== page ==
Our third day started out with a stop in Farrington, a Cotswold’s Village that isn’t touristy. I was interesting to see the difference, it terms of buildings and signage.
The second stop of the day was the Great Coxwell Barn. Coxwell was a monastic grange (farm) of Beulieu Abbey and the one surviving barn circa 1300 is a very impressive piece of Gothic carpentry.
We subsequently stopped to view the White Horse, a horse that is etched into the ground on the top of a hill acrosse the valley from Burbary Hill, an earthworks fort that we stopped at briefly.
We then stopped at a beautiful, if slightly dilapidated church, called “Church of St. John the Baptist”. It was built in the 11th Century and had an impact on William Morris starting the Society for the Protection of Ancient Buildings.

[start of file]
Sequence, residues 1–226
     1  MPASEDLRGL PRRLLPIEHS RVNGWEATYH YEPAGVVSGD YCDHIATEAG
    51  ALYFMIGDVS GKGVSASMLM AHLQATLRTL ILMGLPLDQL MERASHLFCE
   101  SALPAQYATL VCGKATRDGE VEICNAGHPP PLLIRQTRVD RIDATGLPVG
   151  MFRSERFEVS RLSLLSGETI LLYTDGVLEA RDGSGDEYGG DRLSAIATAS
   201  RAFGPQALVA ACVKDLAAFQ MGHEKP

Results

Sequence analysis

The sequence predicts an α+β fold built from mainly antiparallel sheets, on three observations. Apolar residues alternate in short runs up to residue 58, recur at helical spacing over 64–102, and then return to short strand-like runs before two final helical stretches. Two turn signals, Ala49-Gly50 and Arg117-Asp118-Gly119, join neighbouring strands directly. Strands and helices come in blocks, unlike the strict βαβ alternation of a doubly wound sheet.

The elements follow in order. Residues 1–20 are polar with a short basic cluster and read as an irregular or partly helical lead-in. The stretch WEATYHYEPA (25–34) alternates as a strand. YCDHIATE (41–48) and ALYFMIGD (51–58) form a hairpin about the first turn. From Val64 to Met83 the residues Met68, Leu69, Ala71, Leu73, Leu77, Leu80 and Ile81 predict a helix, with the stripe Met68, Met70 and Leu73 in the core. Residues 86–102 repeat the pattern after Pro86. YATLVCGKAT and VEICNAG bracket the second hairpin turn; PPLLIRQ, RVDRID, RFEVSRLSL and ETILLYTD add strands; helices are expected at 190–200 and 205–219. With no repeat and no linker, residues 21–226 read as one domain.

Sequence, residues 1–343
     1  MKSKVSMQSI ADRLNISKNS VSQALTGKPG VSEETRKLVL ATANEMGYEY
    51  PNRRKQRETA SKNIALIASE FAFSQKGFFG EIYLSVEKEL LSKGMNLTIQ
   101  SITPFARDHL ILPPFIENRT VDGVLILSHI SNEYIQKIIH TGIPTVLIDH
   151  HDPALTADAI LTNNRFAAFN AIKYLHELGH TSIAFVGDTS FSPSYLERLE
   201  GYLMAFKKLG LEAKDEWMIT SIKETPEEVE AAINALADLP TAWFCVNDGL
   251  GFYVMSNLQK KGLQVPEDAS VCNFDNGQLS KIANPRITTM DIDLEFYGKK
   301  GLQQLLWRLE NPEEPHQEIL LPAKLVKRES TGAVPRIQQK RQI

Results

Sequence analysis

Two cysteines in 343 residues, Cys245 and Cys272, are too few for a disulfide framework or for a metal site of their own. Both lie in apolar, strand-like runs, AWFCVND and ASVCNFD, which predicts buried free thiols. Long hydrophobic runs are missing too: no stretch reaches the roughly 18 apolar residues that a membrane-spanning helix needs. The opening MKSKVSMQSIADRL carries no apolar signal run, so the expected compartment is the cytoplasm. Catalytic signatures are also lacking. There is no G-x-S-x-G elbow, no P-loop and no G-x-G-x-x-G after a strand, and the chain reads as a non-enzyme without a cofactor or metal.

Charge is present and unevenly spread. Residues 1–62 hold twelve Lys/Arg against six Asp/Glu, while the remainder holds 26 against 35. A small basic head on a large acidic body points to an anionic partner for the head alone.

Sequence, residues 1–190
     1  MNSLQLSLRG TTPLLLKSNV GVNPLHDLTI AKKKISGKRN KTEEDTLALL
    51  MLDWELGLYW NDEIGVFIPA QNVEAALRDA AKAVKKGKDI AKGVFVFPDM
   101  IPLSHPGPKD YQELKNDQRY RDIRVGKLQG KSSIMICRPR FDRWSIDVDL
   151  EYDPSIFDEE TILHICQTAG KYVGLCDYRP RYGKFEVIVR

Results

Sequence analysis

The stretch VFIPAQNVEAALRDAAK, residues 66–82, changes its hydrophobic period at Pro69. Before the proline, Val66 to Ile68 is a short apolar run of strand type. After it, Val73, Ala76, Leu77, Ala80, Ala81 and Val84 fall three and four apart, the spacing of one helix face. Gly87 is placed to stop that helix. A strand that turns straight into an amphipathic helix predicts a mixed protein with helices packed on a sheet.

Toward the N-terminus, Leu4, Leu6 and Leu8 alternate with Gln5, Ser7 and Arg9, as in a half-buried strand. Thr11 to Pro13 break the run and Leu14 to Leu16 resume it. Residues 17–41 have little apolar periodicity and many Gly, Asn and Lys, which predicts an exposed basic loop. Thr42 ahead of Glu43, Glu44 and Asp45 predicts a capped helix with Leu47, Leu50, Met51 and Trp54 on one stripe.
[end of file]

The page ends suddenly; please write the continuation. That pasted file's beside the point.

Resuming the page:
For lunch we stopped at a barn in Filkin, which has been turned into a Wollen Mill. It was an impressive example of adaptive reuse, as it also had a shop, restaurant, studios and small museum.
In the afternoon the group split into two. The first group visited William Morris’ home of Kelmscott, enjoyed tea and scones, then switched with the second group to go on a boat ride down the themes.